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Returning to the medical school where they were test subjects decades ago, a pair of outrageously twisted serial killers use shockingly brutal sex acts to start killing off a group of drugged-out med students.
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Kelby Unger is a young man from a dysfunctional family that lives with his girlfriend Amelia Gates and has sleeping problems with dreadful nightmares. When he proposes Amelia, he coincidently receives a phone call from the warden of the prison of his hometown telling that his father had just died from heart attack. He decides to return to Bisbee for the funeral and Amelia goes with him. Kelby and Amelia lodge at his mother's house and he meets his slut sister Trish, his former friends James Lilly and the policeman Wally and his unknown uncle Tom. When Wally has a nervous breakdown with the name of Joshua, Kelby is haunted by the evil past in Bisbee. Written by
Claudio Carvalho, Rio de Janeiro, Brazil
Not the worst movie I've ever seen, but definitely in the same ballpark. Being from Indiana (where the film was shot "on location"), I was hoping for much more. What some might call "creative, kinetic camera work" is really just a complete lack of understanding about what goes into composing a shot. I can't say how many times you will see the backs of people's heads while they are talking, or their knees as the enter a room, or huge chunks of wall or ceiling instead of characters, or characters moving on and off camera while we get a good loooooooooong look at the freaking lamp in the background. Some of the actors do a decent job - I just wish that I was offered the chance to care about them. The lighting... well, I could go on and on, so I'm going to switch gears and discuss the movie itself. It wasn't scary, which is a bad thing for a horror film. It was confusing. The idea was okay, but it seemed like the best parts were stolen from other horror films. There's a Leatherface scene, a People Under the Stairs scene, a Silence of the Lambs theme, heck - there was a scene from Bring It On that they ended up cutting from the film. I will end by saying that if the director (Travis Betz, I believe) gets a chance to make a film with the help of a cinematographer and a lighting tech (a sound tech wouldn't hurt either), that he seems capable of doing much, much better work. Here's hoping it works out for him.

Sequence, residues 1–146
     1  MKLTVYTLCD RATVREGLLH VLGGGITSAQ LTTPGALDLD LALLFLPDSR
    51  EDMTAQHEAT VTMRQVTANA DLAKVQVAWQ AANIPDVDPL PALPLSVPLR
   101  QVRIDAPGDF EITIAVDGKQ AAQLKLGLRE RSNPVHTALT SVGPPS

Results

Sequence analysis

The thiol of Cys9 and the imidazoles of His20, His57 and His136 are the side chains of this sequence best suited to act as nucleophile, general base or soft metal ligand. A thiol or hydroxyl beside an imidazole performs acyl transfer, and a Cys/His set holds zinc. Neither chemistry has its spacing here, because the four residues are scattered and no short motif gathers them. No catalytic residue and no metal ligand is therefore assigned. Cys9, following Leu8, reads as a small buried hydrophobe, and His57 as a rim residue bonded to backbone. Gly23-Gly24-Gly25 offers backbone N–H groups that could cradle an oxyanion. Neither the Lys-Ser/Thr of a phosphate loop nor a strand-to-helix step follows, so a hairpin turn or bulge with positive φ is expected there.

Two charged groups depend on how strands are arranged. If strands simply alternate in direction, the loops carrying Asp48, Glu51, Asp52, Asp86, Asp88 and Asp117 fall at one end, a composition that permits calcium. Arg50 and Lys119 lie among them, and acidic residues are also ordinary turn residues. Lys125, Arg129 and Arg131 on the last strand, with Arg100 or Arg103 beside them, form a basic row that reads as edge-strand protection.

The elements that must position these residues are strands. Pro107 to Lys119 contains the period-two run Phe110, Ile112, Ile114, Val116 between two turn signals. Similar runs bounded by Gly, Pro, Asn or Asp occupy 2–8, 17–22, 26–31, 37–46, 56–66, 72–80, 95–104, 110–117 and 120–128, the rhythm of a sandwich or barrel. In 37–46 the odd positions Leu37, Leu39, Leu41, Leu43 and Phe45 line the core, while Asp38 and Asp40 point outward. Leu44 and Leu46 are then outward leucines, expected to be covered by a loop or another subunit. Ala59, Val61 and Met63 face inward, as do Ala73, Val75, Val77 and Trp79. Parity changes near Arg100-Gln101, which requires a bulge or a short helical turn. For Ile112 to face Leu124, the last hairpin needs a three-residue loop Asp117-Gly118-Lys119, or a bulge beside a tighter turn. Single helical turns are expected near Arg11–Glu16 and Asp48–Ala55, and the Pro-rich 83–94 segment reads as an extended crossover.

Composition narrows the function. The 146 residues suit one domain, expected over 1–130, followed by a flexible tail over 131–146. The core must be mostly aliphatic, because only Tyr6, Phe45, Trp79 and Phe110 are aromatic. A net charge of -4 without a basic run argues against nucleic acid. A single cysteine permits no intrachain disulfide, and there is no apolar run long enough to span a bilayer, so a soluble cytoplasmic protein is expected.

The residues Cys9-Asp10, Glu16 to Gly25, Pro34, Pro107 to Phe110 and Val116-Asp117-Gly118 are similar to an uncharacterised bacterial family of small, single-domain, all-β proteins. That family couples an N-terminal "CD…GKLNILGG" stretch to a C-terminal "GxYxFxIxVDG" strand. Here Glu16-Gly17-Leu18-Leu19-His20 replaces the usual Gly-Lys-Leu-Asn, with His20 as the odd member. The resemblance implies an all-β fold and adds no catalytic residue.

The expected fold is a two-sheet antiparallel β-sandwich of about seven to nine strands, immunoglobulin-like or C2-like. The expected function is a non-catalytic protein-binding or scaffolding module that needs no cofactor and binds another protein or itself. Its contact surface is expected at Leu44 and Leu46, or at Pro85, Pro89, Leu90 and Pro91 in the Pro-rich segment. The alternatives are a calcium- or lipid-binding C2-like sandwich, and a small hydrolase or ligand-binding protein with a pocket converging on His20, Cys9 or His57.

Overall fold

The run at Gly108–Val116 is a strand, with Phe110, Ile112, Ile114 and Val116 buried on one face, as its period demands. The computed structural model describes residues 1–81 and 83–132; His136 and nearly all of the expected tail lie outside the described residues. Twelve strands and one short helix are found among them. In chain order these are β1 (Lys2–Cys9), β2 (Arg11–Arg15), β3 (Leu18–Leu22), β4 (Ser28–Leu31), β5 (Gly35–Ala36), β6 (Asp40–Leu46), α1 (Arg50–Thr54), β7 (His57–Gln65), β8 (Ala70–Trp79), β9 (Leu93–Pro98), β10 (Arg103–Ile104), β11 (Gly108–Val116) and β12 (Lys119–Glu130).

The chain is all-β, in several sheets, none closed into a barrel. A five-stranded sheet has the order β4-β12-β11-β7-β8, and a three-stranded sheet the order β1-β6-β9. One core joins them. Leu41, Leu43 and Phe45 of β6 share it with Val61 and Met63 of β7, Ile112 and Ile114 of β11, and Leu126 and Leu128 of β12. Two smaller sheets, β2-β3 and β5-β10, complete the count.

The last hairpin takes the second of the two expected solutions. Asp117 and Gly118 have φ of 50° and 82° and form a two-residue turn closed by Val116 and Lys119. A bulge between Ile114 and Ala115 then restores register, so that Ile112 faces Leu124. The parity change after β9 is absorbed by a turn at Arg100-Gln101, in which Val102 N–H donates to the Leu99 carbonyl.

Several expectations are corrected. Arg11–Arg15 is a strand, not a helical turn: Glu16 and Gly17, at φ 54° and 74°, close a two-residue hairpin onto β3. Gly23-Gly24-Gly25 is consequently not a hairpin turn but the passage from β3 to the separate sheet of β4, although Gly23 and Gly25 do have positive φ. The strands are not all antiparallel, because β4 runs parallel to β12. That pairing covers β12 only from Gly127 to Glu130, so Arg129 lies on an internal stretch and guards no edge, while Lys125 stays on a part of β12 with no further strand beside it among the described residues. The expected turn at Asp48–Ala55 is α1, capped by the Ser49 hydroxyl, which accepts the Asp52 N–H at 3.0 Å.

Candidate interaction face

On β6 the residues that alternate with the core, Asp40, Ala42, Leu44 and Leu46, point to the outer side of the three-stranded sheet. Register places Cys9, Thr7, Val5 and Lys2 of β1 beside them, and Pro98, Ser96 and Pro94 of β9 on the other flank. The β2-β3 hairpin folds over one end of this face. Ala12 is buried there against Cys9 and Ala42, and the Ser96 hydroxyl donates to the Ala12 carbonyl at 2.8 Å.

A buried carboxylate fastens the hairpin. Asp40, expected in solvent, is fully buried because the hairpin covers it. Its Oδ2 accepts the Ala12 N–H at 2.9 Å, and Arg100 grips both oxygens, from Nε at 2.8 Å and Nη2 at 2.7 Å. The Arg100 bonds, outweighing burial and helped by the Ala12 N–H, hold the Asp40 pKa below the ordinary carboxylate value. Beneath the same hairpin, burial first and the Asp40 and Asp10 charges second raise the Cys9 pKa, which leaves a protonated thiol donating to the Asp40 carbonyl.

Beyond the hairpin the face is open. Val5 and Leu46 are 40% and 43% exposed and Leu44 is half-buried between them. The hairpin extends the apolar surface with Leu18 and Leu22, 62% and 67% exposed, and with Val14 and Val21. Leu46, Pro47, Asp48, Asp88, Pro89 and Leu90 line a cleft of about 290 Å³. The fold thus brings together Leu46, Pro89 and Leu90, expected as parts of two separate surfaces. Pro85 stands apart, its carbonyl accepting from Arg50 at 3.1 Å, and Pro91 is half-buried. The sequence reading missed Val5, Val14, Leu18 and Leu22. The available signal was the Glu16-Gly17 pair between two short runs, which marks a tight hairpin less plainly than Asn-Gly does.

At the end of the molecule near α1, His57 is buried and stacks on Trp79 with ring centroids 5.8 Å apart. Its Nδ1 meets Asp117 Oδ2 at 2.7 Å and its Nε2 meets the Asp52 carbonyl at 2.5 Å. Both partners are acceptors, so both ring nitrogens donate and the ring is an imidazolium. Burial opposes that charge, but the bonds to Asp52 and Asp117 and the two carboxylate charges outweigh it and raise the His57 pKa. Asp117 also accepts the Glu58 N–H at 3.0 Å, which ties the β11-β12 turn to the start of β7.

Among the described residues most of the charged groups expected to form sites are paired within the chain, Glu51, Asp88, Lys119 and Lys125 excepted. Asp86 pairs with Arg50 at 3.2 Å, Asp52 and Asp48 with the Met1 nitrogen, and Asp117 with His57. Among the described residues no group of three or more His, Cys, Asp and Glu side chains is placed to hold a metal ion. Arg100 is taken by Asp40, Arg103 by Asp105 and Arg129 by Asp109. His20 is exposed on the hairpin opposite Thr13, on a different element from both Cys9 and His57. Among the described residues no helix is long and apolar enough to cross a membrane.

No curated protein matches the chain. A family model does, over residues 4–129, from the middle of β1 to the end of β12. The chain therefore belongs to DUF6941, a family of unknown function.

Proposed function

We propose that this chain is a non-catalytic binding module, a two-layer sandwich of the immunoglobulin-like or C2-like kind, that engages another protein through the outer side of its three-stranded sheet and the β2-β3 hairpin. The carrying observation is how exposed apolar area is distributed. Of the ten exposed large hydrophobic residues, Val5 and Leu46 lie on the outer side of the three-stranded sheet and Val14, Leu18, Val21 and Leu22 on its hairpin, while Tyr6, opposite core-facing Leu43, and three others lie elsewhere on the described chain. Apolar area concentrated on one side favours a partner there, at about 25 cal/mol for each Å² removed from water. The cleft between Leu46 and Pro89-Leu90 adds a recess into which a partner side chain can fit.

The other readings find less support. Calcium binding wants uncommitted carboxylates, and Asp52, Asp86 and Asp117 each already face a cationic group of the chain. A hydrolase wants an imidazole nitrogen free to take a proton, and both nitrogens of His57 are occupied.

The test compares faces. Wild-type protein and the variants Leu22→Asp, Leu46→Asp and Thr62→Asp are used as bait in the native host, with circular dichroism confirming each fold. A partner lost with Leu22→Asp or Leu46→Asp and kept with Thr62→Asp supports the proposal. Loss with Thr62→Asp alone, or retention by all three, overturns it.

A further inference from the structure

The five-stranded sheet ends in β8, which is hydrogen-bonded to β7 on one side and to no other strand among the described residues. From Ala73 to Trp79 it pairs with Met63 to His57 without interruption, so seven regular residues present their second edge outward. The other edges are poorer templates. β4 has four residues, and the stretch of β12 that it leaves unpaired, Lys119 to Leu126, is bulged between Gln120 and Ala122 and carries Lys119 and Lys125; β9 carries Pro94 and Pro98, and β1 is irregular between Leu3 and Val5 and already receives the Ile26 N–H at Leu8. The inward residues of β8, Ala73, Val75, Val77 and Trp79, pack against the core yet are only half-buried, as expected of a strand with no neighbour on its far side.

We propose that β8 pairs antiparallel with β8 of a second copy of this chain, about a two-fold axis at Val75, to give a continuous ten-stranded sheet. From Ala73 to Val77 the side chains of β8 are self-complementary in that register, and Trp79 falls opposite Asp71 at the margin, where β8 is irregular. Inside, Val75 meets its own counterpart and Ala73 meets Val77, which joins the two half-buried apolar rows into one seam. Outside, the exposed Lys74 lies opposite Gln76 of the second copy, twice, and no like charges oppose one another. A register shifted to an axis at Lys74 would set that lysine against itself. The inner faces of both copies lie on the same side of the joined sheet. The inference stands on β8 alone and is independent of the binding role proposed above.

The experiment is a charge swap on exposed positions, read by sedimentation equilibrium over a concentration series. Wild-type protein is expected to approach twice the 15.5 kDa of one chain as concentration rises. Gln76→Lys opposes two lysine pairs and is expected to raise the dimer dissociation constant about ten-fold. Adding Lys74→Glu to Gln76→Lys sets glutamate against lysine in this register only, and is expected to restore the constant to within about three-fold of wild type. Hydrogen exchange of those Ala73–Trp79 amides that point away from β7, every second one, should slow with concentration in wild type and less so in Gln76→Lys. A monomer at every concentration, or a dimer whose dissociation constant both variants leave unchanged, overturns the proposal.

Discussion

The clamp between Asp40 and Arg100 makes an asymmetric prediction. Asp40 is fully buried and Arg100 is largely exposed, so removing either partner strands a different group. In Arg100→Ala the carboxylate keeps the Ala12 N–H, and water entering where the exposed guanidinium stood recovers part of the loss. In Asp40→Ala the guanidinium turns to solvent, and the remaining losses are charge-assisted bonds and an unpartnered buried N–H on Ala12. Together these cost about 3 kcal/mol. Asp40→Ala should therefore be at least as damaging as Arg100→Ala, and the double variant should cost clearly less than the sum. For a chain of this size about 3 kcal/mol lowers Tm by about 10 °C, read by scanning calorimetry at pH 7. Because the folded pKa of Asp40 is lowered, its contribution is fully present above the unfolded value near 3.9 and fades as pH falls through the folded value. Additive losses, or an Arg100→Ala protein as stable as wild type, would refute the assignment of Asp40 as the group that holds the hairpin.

4 of 7 people found this review helpful.
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